In particular, it is urged by appellants that Harry Church was without authority to execute leases of the trust property and that such leases were void ab initio; that the assignment therefore of said leases to the defendant bank to secure his, Harry Church's, personal loans, conveyed no interest or rights in said property to defendant bank nor authority to act in connection therewith and that the surrender by the trustees of their control over the trust property was wrongful and in violation of the trust. It is argued by appellants that as a result of the aforesaid acts, the defendant bank became a “constructive trustee” with relation to the trust property and that the application of the moneys received by defendant bank, as above described, to the satisfaction of Harry Church's debt was a “conversion of the trust income and an interference with and damage to the trust corpus”. In this connection appellants rely on England v. Winslow, 196 Cal. 260, 237 P. 542, 545. There the court reaffirmed the familiar rule that “One who has assumed the relation and undertaken to act in the capacity of a trustee and who has thereby come into the possession and control of the money or property of another cannot be heard to deny the validity of the trust under which he has admittedly acted and the benefits of which he has received and holds.”

Without going into further detail it is sufficient to note that the trial court found against plaintiffs and appellants on all of the issues involved.

There is no conflict in the evidence as above noted.

The appeal is without merit, as indeed plaintiffs' purported causes of action were revealed to be, by evidence adduced at the trial.

The findings are abundantly supported by the evidence and the trial court's conclusions are correct as a matter of law.

The fallacy of appellants' contentions appears to result from the extravagant and exaggerated importance sought to be attached to the so-called invalid leases and the assignment thereof to defendant bank by Harry Church. It is about these acts that appellants most bitterly complain and which, in addition to the action of defendant bank in connection therewith, in effect, are regarded by appellants as perniciously evil. An impartial review of the record will not support appellants' asserted conviction in this regard.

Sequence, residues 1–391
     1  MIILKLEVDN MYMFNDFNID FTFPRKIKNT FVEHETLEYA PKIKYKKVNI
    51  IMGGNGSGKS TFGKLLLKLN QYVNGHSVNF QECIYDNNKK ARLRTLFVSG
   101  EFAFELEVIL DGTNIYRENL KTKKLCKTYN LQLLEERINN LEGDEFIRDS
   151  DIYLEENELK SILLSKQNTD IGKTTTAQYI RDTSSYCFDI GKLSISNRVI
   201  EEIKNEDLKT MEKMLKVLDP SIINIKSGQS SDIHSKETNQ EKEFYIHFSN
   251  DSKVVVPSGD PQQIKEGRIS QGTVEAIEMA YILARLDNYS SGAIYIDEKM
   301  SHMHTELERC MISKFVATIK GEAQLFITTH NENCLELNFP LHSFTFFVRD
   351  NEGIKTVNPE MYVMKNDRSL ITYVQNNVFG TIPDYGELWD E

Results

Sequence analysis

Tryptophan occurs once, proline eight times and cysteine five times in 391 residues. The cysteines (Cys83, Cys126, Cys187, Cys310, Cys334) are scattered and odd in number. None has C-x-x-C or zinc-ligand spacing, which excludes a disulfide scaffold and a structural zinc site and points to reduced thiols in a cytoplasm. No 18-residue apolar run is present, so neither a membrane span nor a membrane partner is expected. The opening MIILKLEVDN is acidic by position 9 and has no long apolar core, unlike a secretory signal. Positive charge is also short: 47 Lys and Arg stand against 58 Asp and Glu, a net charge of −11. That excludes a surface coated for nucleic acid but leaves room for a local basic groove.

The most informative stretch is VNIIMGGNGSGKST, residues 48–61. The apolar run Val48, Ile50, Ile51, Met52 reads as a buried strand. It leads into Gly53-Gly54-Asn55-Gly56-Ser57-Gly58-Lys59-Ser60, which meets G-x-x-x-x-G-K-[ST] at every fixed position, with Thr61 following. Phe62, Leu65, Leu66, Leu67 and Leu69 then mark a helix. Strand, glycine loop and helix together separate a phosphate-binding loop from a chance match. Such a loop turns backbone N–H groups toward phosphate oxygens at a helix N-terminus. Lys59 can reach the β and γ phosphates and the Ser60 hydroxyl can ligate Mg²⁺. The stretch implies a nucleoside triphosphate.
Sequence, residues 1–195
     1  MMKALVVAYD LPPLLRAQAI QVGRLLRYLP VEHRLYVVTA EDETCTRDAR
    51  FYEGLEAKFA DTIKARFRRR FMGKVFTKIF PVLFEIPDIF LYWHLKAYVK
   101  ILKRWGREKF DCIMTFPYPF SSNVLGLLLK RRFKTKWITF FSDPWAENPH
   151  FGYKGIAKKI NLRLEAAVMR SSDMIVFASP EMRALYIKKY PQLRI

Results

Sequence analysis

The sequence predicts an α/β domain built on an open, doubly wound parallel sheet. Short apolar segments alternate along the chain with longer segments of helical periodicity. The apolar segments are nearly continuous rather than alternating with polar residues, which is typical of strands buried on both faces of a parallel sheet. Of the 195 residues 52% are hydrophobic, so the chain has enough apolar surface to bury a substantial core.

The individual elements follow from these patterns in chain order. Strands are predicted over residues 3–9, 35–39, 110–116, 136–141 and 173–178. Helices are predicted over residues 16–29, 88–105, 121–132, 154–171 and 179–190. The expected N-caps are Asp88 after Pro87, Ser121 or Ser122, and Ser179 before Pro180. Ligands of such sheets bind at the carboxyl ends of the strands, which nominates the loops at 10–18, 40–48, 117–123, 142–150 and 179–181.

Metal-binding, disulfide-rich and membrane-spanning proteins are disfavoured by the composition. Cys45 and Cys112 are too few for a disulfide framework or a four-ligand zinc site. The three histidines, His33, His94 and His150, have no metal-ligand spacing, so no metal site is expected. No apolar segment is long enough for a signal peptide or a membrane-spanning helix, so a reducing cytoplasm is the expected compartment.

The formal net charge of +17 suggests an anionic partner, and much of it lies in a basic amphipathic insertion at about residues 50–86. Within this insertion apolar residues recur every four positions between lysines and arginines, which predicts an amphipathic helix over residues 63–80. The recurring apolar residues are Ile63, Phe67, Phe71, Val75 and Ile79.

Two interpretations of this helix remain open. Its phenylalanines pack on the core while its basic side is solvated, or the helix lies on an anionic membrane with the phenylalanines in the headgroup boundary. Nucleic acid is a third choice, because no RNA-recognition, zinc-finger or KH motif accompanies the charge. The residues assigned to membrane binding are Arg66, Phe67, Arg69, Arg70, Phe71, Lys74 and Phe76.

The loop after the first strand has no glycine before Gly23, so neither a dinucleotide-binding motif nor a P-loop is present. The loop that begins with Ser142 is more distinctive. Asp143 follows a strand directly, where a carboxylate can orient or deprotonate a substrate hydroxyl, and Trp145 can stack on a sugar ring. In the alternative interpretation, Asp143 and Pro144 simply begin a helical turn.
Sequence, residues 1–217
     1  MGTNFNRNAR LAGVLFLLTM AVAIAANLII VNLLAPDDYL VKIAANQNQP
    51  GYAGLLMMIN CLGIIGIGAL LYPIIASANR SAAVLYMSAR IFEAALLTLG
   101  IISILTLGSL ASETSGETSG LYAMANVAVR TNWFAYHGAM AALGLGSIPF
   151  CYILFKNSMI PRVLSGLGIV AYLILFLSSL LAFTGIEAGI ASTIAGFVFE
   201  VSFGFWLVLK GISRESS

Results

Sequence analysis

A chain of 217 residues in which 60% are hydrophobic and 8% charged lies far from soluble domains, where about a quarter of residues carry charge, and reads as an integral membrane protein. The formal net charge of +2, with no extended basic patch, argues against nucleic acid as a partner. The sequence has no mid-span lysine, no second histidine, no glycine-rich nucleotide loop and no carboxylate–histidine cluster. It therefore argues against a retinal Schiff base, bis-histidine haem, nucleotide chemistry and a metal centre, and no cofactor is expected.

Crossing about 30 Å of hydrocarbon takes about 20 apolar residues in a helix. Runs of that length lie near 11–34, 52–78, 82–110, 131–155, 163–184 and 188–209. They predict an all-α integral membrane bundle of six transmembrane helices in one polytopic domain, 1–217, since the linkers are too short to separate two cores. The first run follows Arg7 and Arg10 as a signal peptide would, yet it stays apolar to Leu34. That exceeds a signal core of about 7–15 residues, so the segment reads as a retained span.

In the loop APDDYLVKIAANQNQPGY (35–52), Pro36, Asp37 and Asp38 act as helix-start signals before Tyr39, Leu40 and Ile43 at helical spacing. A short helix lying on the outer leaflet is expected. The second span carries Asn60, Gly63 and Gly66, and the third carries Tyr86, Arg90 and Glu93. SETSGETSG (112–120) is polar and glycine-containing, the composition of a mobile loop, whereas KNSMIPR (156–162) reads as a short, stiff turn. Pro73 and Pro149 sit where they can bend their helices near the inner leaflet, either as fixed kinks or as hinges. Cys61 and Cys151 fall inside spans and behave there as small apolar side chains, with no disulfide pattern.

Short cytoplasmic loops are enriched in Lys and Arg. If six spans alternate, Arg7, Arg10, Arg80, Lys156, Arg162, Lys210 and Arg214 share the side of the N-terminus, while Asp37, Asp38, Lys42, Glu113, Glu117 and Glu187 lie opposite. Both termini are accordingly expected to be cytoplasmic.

It may be conceded that Harry Church was without authority to execute such leases and it may be further conceded that the trustees were blameworthy in the failure to give attention to the trust estate, but the record is entirely destitute of any evidence direct or indirect that points to any culpability on the part of defendant bank. To the contrary, the record reveals the defendant bank to have acted in entire good faith at all times. So far as its relation to the trust is concerned, the defendant bank is in no different position than if the so-called invalid leases had never been executed and assigned. It is in precisely the same position that would have resulted from a resort to the identical procedure to collect the promissory note without the security. The security, that is, the so-called invalid leases, accepted by the defendant bank were accepted in good faith and without actual knowledge of the legal status of the property described therein. Even though charged with constructive knowledge, as contended by appellants, the result would be no different, for the effect of such acceptance was but an incident, trivial in its relation to the true state of affairs, that by no process of reasoning could be elevated to the dignity of controlling importance. The legal significance of such leases and their assignment, in the circumstances, is of no consequence.